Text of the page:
Small memories make the Games

Ian Froese, Staff Contributor


The Canada Winter Games has it. Same with the Olympics. It’s a certain buzz that is hard to describe, an energy compelling us to cheer on athletes we’ve never heard of compete in sports we don’t understand.

Now, sure, the Olympics is a far larger entity than the Canada Games can ever dream to reach and our provincial pride at the Games will never equal our national affiliation, but once you strip away its polished packaging, you will arrive at the core of these multi-sport festivals. At its essence, they are a raw celebration of sports. Why else would we watch table-tennis or archery? These athletes have no cheques to cash, owners to appease, or corporate sponsorships. It’s pure. It’s athletics at its most basic: for the love of it.

When money is no object, sports can truly demonstrate why it is the world’s finest reality TV show. Anything can happen. It’s where athletes can overcome adversity or see their dreams dashed. It’s where tears of happiness and also of despair flow

The ringette teams from Saskatchewan and Manitoba know this fact well. Manitoba was favoured when the provinces met in the quarterfinals, and for good reason too. They had contested every ringette medal since the sport was added to the Games roster in 1991. The Saskatchewan team would not be slouches, but history was not in their favour. Their last chance for a medal was in 1999 when they claimed bronze.

A semifinal berth appeared to be Manitoba’s destiny again. They held a 2 – 1 advantage up until nine minutes left, until it happened: Saskatchewan suddenly potted two and we had a new leader. They held onto a 3 – 2 edge.

Saskatchewan’s response at the final bell was sheer jubilation. Their arms flew, gloves launching into the air, rushing their goaltender with unadulterated glee. However, it is the image from the Manitoba side that is etched in my brain: each athlete was crying. Most huddled around their bench, but three were off to the side. They were consoled by their proximity to each other, not by words. Two of them stood in silence while the other blankly stared at the ice below.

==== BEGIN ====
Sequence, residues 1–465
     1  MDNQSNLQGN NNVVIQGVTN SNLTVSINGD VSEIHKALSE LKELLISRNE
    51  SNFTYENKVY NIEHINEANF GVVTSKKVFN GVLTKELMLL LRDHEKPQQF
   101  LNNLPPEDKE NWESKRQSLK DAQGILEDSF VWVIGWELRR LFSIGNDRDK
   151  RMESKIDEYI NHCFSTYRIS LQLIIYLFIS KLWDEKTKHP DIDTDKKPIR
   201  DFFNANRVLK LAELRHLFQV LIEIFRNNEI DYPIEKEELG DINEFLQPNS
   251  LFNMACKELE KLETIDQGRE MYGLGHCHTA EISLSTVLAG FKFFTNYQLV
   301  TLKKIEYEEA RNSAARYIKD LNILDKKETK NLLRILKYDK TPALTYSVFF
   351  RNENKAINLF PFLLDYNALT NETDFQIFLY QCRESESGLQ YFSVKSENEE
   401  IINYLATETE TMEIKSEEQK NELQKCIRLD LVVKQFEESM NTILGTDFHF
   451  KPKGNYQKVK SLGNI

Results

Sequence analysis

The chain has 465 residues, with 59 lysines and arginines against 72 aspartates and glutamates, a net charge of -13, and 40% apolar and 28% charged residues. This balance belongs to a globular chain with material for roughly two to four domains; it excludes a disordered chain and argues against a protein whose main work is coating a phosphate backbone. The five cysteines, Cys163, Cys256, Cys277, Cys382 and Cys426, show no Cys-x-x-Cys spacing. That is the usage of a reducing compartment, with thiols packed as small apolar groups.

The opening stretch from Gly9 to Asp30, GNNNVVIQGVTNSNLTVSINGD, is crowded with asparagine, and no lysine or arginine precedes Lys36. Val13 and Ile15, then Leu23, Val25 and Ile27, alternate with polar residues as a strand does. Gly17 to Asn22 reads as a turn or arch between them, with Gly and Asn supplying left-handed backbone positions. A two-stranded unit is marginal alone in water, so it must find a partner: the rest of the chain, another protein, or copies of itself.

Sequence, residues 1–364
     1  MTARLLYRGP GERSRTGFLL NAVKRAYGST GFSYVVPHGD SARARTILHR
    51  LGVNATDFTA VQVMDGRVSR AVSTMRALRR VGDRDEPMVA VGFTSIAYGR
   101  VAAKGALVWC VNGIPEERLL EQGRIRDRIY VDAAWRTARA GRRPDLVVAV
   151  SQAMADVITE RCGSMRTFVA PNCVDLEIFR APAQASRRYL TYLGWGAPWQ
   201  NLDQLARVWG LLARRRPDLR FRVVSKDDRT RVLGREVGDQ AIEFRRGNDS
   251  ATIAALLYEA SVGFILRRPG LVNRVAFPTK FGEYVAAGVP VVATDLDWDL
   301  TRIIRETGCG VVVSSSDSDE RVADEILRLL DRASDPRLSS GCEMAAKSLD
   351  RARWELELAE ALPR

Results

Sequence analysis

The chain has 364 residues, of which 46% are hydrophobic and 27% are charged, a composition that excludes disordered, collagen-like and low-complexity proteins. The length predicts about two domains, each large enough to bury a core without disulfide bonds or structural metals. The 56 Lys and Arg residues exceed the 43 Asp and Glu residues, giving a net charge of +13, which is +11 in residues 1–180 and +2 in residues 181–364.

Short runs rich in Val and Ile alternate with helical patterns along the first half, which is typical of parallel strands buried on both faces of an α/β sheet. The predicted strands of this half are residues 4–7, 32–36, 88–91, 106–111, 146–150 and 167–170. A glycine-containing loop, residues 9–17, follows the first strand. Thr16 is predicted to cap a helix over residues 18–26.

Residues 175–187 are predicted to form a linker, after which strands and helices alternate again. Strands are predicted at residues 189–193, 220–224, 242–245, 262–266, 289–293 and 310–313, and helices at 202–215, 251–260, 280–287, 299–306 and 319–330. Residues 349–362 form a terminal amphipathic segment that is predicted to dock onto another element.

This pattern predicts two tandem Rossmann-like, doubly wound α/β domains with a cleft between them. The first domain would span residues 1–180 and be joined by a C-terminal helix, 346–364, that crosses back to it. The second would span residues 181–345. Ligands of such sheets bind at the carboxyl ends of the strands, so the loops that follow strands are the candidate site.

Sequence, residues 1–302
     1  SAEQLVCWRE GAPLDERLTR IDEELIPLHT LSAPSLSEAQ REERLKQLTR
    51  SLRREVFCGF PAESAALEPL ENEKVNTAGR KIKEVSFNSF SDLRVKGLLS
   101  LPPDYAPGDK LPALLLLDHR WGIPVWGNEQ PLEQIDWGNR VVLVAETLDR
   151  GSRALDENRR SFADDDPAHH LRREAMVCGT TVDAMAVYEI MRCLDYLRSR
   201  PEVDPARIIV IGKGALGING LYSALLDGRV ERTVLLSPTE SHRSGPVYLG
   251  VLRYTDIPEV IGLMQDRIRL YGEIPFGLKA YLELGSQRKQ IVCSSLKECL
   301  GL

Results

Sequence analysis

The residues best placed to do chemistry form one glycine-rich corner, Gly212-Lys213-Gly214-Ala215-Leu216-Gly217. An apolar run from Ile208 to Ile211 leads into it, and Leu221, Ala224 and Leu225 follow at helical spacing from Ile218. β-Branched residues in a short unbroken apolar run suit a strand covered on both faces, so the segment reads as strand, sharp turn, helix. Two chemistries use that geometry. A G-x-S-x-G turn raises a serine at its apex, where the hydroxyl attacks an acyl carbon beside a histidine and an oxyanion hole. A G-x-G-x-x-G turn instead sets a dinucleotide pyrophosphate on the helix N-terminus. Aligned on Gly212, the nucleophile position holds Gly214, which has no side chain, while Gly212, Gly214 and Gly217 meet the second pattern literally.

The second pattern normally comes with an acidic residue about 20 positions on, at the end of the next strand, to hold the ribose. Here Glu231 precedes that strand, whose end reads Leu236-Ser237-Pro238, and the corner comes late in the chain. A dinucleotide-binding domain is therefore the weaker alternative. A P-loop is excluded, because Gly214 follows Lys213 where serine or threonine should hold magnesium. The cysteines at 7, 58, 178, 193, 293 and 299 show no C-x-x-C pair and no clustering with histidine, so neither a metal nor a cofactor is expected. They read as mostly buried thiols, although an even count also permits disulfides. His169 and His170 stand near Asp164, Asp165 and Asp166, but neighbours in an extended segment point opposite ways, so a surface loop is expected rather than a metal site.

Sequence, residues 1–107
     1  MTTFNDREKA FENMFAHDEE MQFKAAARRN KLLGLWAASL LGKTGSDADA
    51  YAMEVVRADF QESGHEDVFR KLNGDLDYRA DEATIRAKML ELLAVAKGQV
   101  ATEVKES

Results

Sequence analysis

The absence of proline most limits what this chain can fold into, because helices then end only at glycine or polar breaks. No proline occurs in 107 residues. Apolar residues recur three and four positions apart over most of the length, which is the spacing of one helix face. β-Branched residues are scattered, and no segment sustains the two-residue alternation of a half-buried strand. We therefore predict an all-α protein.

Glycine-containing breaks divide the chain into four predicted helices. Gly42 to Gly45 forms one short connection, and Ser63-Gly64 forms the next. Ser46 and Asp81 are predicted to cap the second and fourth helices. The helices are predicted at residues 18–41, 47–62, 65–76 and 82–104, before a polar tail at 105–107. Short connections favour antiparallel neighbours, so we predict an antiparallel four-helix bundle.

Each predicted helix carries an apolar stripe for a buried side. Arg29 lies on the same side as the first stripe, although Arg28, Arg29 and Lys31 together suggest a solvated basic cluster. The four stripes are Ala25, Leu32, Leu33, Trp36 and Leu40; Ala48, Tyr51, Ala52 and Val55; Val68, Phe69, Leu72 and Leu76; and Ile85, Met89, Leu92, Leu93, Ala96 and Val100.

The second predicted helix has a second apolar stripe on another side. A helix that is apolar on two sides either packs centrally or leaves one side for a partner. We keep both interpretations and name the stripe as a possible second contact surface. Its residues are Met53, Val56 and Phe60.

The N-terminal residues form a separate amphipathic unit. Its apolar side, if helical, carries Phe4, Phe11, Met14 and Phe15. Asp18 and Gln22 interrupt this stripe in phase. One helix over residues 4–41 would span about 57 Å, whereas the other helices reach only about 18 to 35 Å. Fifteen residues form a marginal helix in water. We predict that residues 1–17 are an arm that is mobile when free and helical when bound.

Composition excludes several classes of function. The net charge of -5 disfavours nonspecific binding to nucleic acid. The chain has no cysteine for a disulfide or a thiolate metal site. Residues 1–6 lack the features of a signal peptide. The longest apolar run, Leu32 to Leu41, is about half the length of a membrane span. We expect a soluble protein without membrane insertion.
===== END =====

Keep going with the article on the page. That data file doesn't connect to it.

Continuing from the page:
Outside the Manitoba dressing room, I waited to quote their thoughts. It took awhile. Their coaching staff was the first to leave the room. They solemnly spoke amongst themselves and then returned to their distraught girls. 10 minutes later, a captain finally took my request. Her eyes still red from the tears she shed.

Although heartbreak, such as that, can pierce the soul, the Canada Games produced its fair share of joyous moments too. Those memories that pull at the heart strings.

The women’s hockey game was meaningless, Nova Scotia was decimating Yukon 12 – 0. It was more of a delightful keep-away battle than a hockey game, until it happened: Yukon scored with 1.8 seconds remaining.

Just a goal, you say. You’re right, but the joy it created warmed even the coldest of hearts. Yukon’s fans relished the moment with a decibel level probably not matched the entire day. The team piled on top of their goalscorer. Bluenose athletes responded with a standing ovation. It was enough to make your skin crawl.

The final bell soon rang and the players mobbed their goalie with the enthusiasm of a team that won the championship. Nova Scotia even had to wait to shake hands because the Yukon girls were too busy rejoicing.

Those emotions, the good and the bad, are what sports is all about. It’s why we care. It’s why over 6000 people volunteered to be apart of it. It’s why 5500 crammed into the Forum to watch boxing, many for the first time.

I’ll be recalling some of my memories for the months to come. Hopefully you watched the Games yourself and have stories of your own.

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Dalhousie Gazette Staff

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